Shaw v. Agricola et al

Filing 51

MEMORANDUM OPINION AND ORDER. The competent summary judgment evidence shows that the defendants were not deliberately indifferent to plaintiff's serious medical needs. An inmate's dissatisfaction or disagreement with his medical treatment is insufficient to show the defendants were deliberately indifferent to his medical needs. Therefore, defendants' motion for summary judgment is granted. Signed by Judge Marcia A. Crone on 9/25/17. (mrp, )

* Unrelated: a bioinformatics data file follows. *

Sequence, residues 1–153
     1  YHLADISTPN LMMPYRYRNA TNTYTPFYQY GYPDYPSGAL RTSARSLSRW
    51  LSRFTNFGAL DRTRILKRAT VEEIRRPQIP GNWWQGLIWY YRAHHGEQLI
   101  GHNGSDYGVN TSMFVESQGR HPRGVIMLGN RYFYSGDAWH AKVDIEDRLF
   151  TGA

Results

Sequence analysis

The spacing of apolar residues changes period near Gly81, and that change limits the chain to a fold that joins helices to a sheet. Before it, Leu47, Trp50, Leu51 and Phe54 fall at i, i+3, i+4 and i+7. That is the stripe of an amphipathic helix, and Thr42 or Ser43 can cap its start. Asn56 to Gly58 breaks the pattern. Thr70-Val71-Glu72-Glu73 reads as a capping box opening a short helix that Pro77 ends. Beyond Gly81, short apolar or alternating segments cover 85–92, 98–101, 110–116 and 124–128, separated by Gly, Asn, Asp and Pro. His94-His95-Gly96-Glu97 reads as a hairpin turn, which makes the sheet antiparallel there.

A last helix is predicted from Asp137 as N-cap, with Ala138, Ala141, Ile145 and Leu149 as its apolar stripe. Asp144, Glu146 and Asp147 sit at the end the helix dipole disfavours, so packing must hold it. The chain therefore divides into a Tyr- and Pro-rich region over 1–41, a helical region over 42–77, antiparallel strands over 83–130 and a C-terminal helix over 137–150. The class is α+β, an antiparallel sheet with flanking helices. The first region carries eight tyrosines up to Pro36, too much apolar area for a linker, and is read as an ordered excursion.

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UNITED STATES DISTRICT COURT JOHNNY SHAW, Plaintiff, versus DENNIS AGRICOLA, et al., Defendants. EASTERN DISTRICT OF TEXAS § § § § § § § § § CIVIL ACTION NO. 1:11-CV-152 MEMORANDUM OPINION AND ORDER Plaintiff Johnny Shaw, a prisoner previously confined at the United States Penitentiary in Beaumont, Texas, proceeding pro se, filed this civil rights action pursuant to 42 U.S.C. § 19831 against Dennis Agricola, Amanda Hensley, Prasad Surapeneni, Kathie Vines, Christina Savant, Elizabeth Lacy, Regina Criswell, David Onuora, Oscar Currie, and Robert Toups. Factual Background Plaintiff alleges he broke his finger on August 28, 2010. Plaintiff alleges he sought medical treatment on September 20, 2010, and that defendant Currie ordered surgery in October of 2010. Plaintiff alleges the surgery was delayed until December 6, 2010, due to scheduling issues created by defendants Agricola, Hensley, Surapaneni, Vines, Savant, Lacy, Criswell, and Onuora. Plaintiff alleges he was administered general anesthesia on the day of surgery, but defendants Currie and Toups decided not to proceed with the operation. 1 In his original complaint, plaintiff also raised claims pursuant to the Federal Tort Claims Act (FTCA) and Bivens v. Six Unknown Agents of Federal Bureau of Narcotics, 403 U.S. 388 (1971). The defendants are not federal employees, they are contract workers employed by an agency of the State of Texas. Therefore, the civil rights claims are properly construed as arising under § 1983. Plaintiff’s FTCA claims fail because plaintiff did not name the United States as the defendant. Atorie Air, Inc. v. Federal Aviation Administration, 942 F.2d 954, 957 (5th Cir. 1991). Defendants’ Motion for Summary Judgment Defendants Agricola, Criswell, Hensley, Lacy, Surapeneni, and Vines moved for summary judgment. The defendants argued that the evidence did not demonstrate they were deliberately indifferent to plaintiff’s serious medical needs. The motion for summary judgment was construed as a motion filed on behalf of the unserved defendants, and plaintiff was given an opportunity to respond to the motion. See FED. R. CIV. P. 56(f). Defendants submitted portions of plaintiff’s medical records in support of the motion for summary judgment. Plaintiff’s medical records reflect that he injured his right middle finger before he was transferred to the penitentiary in Beaumont, and that he did not receive treatment at the time of the injury. Exhibit A to Defendants’ Motion for Summary Judgment (Ex. A) at 3. On September 21, 2010, plaintiff had a medical appointment at the Beaumont penitentiary with Carlos Mier, a mid-level provider. Ex. A at 3. Mr. Mier noted that an x-ray showed the finger was fractured, and he applied a splint to the finger and requested a consultation with an orthopedist. Ex. A at 3-4. Plaintiff was released from the clinic with housing and work restrictions. Ex. A at 4. Plaintiff returned to the clinic on September 28, 2010 complaining of pain. Ex. A at 6. Plaintiff was examined by defendant Onuora, a Physician’s Assistant, who ordered a splint, referred plaintiff to an orthopedist, and continued plaintiff on pain medication. Ex. A at 7. On October 16, 2010, plaintiff was examined in the clinic by defendant Criswell, a Registered Nurse. Ex. A at 8-11. Defendant Criswell advised plaintiff that his orthopedic referral had been approved, she reapplied his splint, and she advised him to continue taking his pain 2 medication. Ex. A at 10. Defendant Criswell also scheduled an appointment with a provider to evaluate plaintiff’s pain medication. Ex. A at 10. Plaintiff was brought to the Beaumont Bone and Joint Clinic for an evaluation on October 26, 2010. Ex. A at 12. Additional diagnostic tests were recommended, but no other changes were made to plaintiff’s treatment plan, and he was continued on the same pain medication. Ex. A at 12-13. Plaintiff went to the penitentiary clinic on November 1, 2010, complaining of pain in his fingers. Ex. A at 17. Plaintiff was examined by a nurse who noted that plaintiff would be scheduled for surgery. Ex. A at 17. On November 18, 2010, plaintiff filed a prisoner request complaining that he had broken fingers. Defendant Criswell advised plaintiff to go to nurse sick call if he was still having problems. Ex. A at 22. On December 6, 2010, plaintiff was brought to the Beaumont Bone and Joint Clinic for surgery. Ex. A at 23. The orthopedic surgeon determined that the fracture had healed and no further treatment was necessary. Ex. A at 23. Plaintiff was returned to the penitentiary with instructions to increase his activity and to move his fingers and make a fist several times every hour. Ex. A at 24. Plaintiff returned to the penitentiary clinic complaining of finger pain on December 14, 2010. Defendant Agricola, a Nurse Practitioner, referred plaintiff to physical therapy, ordered an x-ray, and continued plaintiff’s pain medication. Ex. A at 26-27. Standard of Review Under Rule 56(a) of the Federal Rules of Civil Procedure, summary judgment is appropriate “if the movant shows that there is no genuine dispute as to any material fact and the 3 movant is entitled to judgment as a matter of law.” FED. R. CIV. PRO. 56(a). A fact is material if it could affect the outcome of the case under the governing law. Anderson v. Liberty Lobby, 477 U.S. 242, 248 (1986); Instone Travel Tech Marine & Offshore v. International Shipping Partners, 334 F.3d 423, 427 (5th Cir. 2003). A dispute about a material fact is genuine “if the evidence is such that a reasonable jury could return a verdict for the nonmoving party.” Anderson, 477 U.S. at 248; Instone Travel Tech, 334 F.3d at 427. Because summary judgment is a final adjudication on the merits, courts must employ the device cautiously. Hulsey v. State of Texas, 929 F.2d 168, 170 (5th Cir. 1991). In prisoner pro se cases, courts must be careful to “guard against premature truncation of legitimate lawsuits merely because of unskilled presentations.” Jackson v. Cain, 864 F.2d 1235, 1241 (5th Cir. 1989) (quoting Murrell v. Bennett, 615 F.2d 306, 311 (5th Cir. 1980)). Analysis Plaintiff alleges he received inadequate medical treatment, in violation of the Eighth Amendment of the United States Constitution. Although the Eighth Amendment does not explicitly mandate a certain level of medical care for prisoners, the cruel and unusual punishment clause has been interpreted to impose a duty on prison officials to provide inmates with adequate food, clothing, shelter, and medical care. Farmer v. Brennan, 511 U.S. 825, 832 (1994); Stewart v. Murphy, 174 F.3d 530, 533 (5th Cir. 1999). A prison official’s deliberate indifference to the serious medical needs of a prisoner constitutes the unnecessary and wanton infliction of pain proscribed by the Eighth Amendment, whether the indifference is manifested by prison medical staff or by prison guards. Estelle v. Gamble, 429 U.S. 97, 105-06 (1976); Domino v. Texas Dep’t of Criminal Justice, 239 F.3d 752, 754 (5th Cir. 2001). 4 An Eighth Amendment claim consists of two components--one objective and one subjective. Farmer, 511 U.S. at 839. To satisfy the objective requirement, plaintiff must prove that he was exposed to a substantial risk of serious harm. Id. at 834; Lawson v. Dallas County, 286 F.3d 257, 262 (5th Cir. 2002). Plaintiff must also demonstrate that the defendants were deliberately indifferent to that risk. See Farmer, 511 U.S. at 834; Lawson, 286 F.3d at 262. The deliberate indifference standard is a subjective inquiry; plaintiff must establish that the defendants were aware of an excessive risk to plaintiff’s health or safety, and yet consciously disregarded the risk. Farmer, 511 U.S. at 840-41; Calhoun v. Hargrove, 312 F.3d 730, 734 (5th Cir. 2002); Stewart, 174 F.3d at 534. Under exceptional circumstances, a defendant’s knowledge of a substantial risk of harm may be inferred by the obviousness of the risk. Farmer, 511 U.S. at 842; Harris v. Hegman, 198 F.3d 153, 159 (5th Cir. 1999); Reeves v. Collins, 27 F.3d 174, 176 (5th Cir. 1994). Medical records of sick calls, examinations, diagnoses, and medications may rebut an inmate’s allegations of deliberate indifference. Banuelos v. McFarland, 41 F.3d 232, 235 (5th Cir. 1995). Mere negligence, neglect, or medical malpractice does not rise to the level of a constitutional violation. Domino, 239 F.3d at 756 (“It is indisputable that an incorrect diagnosis by prison medical personnel does not suffice to state a claim for deliberate indifference.”); Hall v. Thomas, 190 F.3d 693, 697 (5th Cir. 1999) (“[A]llegations of malpractice or negligence will never state a claim under the Eighth Amendment.”); Stewart, 174 F.3d at 534. Nor does an inmate’s disagreement with his medical treatment amount to an Eighth Amendment violation. Stewart, 174 F.3d at 537; Norton v. Dimazana, 122 F.3d 286, 292 (5th Cir. 1997). “Rather, the plaintiff must show that the officials ‘refused to treat him, ignored his complaints, intentionally 5 treated him incorrectly, or engaged in any similar conduct that would clearly evince a wanton disregard for any serious medical needs.’” Domino, 239 F.3d at 756 (quoting Johnson v. Treen, 759 F.2d 1236, 1238 (5th Cir. 1985)). The competent summary judgment evidence shows that the defendants were not deliberately indifferent to plaintiff’s serious medical needs. The medical records reflect that the injury occurred several weeks before plaintiff arrived at the Beaumont penitentiary, and that plaintiff had not received any medical treatment prior to his transfer to Beaumont. After he arrived in Beaumont, plaintiff was evaluated by the medical staff on multiple occasions, x-rays were taken, pain medication was prescribed, and plaintiff was referred to an orthopedic surgeon outside the prison system. Ultimately, the orthopedic surgeon determined that surgery was not necessary because the fractured finger had healed. When plaintiff continued to complain of pain and reduced function in his finger, the medical staff prescribed pain medication and ordered physical therapy. Although he received a significant amount of medical care, plaintiff is dissatisfied with the treatment he received because he continues to have reduced function in his finger. However, an inmate’s dissatisfaction or disagreement with his medical treatment is insufficient to show the defendants were deliberately indifferent to his serious medical needs. Therefore, defendants’ motion for summary judgment should be granted. 6 ORDER For the reasons set forth above, defendants’ motion for summary judgment (#47) is GRANTED. A final judgment will be entered in accordance with this memorandum opinion and order. So ORDERED and SIGNED this 25th day of September, 2017. 7